Kaiser Foundation’s September Poll

By Sep 29, 2009, 12:24 AM Author's Blog  

The Kaiser Family Foundation is out with its September poll, which I think is interesting to look at for a few reasons. First, Kaiser has been polling every month from June 2009 forward and also conducted surveys in February and April of this year (six polls total during 2009), providing useful benchmarks for current trends. Second, this latest poll was in the field from September 11-18, making it a good gauge of the public’s short-term reaction to President Obama’s big health care speech on September 9.

As seen in the following chart (which you can click to enlarge) in which I attempted to distill the key findings of this year’s Kaiser polling, pro-reform sentiment currently appears to be at — or near — peak levels for the year, depending on which items one looks at.

Kaiser Foundations September Poll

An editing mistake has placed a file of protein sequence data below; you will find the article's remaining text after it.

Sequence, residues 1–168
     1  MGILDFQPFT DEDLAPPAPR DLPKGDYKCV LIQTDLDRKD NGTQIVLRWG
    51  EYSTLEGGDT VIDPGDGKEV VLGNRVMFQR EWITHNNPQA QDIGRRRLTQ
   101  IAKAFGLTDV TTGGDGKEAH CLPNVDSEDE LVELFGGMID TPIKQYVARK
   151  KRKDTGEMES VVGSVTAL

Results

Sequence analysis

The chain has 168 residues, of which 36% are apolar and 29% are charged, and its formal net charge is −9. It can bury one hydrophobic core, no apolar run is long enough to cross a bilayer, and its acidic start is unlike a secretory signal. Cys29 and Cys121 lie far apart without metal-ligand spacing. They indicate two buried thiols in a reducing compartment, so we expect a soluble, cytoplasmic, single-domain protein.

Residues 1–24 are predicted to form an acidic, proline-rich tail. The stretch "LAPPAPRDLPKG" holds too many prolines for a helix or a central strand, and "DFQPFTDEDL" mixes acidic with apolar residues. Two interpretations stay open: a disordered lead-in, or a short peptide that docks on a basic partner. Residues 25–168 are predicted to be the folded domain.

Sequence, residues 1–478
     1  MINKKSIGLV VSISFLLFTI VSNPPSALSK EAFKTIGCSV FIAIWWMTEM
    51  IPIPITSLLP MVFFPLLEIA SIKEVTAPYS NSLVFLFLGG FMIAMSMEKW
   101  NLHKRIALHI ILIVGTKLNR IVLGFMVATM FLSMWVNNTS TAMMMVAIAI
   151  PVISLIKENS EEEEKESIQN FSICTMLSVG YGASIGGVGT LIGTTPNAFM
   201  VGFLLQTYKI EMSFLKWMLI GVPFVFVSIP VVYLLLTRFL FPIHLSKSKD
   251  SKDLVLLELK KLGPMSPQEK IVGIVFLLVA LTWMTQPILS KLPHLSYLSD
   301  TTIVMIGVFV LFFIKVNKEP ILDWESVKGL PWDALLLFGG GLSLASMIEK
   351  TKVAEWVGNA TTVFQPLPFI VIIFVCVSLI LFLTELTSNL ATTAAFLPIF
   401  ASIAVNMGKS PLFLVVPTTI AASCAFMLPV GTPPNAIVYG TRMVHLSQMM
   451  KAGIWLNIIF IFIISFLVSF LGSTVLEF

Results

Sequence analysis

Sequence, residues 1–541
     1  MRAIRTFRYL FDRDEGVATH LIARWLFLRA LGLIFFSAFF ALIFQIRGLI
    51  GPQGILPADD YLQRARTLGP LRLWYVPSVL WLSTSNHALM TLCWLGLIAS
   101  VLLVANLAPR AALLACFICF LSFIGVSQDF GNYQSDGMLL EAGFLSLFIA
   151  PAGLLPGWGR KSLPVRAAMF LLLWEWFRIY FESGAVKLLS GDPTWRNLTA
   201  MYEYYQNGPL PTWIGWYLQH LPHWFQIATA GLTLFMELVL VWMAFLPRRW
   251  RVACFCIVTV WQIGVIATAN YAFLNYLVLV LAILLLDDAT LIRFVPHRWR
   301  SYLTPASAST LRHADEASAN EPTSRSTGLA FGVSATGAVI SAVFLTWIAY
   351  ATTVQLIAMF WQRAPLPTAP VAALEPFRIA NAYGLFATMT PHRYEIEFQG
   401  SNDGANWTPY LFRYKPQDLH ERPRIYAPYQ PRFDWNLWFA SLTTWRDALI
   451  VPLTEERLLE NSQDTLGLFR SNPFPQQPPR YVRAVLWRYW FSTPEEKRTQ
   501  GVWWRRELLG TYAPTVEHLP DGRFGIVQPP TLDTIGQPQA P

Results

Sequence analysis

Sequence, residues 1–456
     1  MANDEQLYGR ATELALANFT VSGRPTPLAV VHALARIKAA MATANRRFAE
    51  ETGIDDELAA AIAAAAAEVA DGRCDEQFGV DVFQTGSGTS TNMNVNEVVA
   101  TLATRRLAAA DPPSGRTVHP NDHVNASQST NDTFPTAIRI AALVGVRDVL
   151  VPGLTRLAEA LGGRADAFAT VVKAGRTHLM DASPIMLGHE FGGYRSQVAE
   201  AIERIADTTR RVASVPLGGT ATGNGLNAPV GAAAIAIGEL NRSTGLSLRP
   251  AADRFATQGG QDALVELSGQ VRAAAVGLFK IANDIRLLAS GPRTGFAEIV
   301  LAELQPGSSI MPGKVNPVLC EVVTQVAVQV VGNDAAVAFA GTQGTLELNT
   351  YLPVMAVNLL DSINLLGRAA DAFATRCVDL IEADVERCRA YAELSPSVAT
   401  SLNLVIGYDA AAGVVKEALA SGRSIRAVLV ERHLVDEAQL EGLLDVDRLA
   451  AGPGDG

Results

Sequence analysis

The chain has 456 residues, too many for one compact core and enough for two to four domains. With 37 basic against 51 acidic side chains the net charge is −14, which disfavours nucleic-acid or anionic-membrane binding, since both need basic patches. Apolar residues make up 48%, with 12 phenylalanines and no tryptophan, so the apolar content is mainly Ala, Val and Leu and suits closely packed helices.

For example, the percentage of respondents currently saying “the quality of your own health care” would be better under a reformed system was the highest it has been all year, whereas belief that the health care of “you and your family” would be better off was only one point shy of an annual high.

On the one hand, a skeptic might contend that support levels would be artificially high in roughly the week following the Obama speech (and South Carolina Republican Joe Wilson’s “You Lie” outburst). On the other hand, however, some of the figures to which the current ones are being compared were obtained in February and March, during the initial “honeymoon” months of Obama’s administration.

Some items still draw low support, such as the two pertaining to waiting times (one asking about personal situations and the other focused on the country at large), where only around 20% of respondents say things will change for the better. On these items, however, there are large percentages (31-38%) expecting things “would [...] stay about the same.”

One last thing to point out is that Kaiser did some split-sample experiments to test the effect of certain wordings. As I highlighted in the above chart, inclusion or exclusion of the phrase “similar to Medicare” did not have much effect on support for a public option.

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